contempt; and apprehension of the ridiculous or the deformed, provided they do not too
closely approach thresholds of harm.
My purpose here is to locate Descartes’ laughter in intellectual traditions that attempt
to explain its physiology, drawing on both ancient and early modern resources — from
Vives’ account to the “Muscular Philosophy” of the physician John Bulwer, a contemporary
of Descartes. Not only is laughter revisited as a form of self-regard in the work of the French
physician Marie Cureau de la Chambre, whom Descartes read, but Cureau also offers a
physiological etiology for the ways in which laughter activates the animal spirits as the “Soul
retires, and reenters her self.” And several early modern thinkers were devoted to recovering
the pseudo-Ciceronian dictum, in the Rhetorica ad Herennium, that laughter relieves fatigue.
Moderate joy is healthy, and physicians, time and again, as part of an increasing commitment
to Galen’s positions in Quod animi mores, would attempt to use ‘healthful conceits’ to
inspire patients to feel well, including pleasant stories and distractions that turn on laughter.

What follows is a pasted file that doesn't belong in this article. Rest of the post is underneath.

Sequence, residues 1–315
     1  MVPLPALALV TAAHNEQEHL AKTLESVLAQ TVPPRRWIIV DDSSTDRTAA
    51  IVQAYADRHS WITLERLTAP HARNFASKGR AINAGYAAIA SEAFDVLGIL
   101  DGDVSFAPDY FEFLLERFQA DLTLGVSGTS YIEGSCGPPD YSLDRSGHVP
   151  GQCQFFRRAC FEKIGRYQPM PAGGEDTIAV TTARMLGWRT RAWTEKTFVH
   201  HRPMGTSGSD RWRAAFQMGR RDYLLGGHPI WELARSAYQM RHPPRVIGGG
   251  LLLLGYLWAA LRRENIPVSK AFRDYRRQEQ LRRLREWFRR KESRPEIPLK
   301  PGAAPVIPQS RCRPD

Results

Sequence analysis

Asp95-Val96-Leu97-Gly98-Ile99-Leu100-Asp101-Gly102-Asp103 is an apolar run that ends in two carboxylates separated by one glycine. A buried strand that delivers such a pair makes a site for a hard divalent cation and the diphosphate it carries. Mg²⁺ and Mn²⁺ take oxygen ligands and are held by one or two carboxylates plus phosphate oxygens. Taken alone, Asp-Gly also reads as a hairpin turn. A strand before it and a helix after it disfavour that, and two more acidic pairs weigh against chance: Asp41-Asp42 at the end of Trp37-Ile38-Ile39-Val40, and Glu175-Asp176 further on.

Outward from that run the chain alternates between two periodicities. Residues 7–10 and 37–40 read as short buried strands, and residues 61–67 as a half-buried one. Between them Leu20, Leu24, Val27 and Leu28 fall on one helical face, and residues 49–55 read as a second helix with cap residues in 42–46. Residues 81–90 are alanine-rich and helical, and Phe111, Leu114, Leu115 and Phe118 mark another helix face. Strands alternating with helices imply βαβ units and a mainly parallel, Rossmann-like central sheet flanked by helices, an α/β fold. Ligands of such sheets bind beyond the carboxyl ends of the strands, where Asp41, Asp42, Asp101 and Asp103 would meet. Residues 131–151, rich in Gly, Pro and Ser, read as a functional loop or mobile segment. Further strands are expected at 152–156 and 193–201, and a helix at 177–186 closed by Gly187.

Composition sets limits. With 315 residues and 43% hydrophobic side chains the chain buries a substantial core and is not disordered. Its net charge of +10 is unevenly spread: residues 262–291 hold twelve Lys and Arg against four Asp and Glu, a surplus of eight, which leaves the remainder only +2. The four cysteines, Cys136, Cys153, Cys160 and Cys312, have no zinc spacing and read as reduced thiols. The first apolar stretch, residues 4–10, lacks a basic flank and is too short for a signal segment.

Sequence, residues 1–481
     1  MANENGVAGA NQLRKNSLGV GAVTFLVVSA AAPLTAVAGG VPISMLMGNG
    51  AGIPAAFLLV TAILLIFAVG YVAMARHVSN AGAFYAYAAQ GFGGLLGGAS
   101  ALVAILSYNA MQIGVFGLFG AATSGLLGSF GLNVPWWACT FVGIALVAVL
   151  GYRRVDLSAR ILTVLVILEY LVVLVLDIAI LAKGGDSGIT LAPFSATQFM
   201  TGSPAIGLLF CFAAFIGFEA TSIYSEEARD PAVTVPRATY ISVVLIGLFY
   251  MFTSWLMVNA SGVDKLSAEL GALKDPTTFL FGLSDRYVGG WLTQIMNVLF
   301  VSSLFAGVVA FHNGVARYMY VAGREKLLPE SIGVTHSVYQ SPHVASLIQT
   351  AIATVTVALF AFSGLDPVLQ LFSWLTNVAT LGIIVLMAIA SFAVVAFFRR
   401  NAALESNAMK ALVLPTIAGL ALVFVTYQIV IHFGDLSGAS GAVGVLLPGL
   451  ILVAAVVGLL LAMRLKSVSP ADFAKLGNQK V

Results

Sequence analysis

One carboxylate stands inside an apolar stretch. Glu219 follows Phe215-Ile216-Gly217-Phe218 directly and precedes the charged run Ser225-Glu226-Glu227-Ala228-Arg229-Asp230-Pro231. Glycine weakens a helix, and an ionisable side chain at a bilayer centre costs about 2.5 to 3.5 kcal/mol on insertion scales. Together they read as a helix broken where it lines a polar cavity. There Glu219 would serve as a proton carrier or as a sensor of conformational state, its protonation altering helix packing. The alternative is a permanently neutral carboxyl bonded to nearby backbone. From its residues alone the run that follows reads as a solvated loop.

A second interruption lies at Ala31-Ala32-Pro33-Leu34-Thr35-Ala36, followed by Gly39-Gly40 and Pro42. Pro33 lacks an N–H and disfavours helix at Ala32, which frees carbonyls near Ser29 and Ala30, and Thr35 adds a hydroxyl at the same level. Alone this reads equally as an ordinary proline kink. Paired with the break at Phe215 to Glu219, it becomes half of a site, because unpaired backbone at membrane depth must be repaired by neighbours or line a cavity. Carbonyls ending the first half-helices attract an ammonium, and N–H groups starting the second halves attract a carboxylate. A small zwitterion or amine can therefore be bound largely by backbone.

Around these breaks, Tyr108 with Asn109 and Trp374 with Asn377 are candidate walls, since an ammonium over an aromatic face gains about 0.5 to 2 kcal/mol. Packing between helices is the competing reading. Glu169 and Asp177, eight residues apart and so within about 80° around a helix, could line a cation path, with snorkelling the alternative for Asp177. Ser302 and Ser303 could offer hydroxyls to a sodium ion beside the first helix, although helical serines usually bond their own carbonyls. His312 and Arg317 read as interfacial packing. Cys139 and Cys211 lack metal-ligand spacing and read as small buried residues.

If it was an occasion to explore voluntary action, to test various relationships between reason
and volition, solecism and slander, laughter was also susceptible to other kinds of analysis,
largely absent from recent scholarship: “good words,” “cheerful speeches,” conceits, and
counsel uttered at the bedside, to use Burton’s terms in The Anatomy of Melancholy
(1621ff.), who also cites Vives, restores motility to the spirits; Bernard Lamy agreed, arguing
that the contempt which funds laughter is “useful to our health,” for it participates in an
economy of attention.
My paper has three sections. In the first, I outline physiological etiologies of laughter
from antiquity to early modernity. Second, I argue that one of the neglected rhetorical effects
of laughter — the relief of fatigue — is absorbed and accommodated in medical thought in
early modern Europe. Urbanity or eutrapelia is re-defined as a responsiveness of disposition,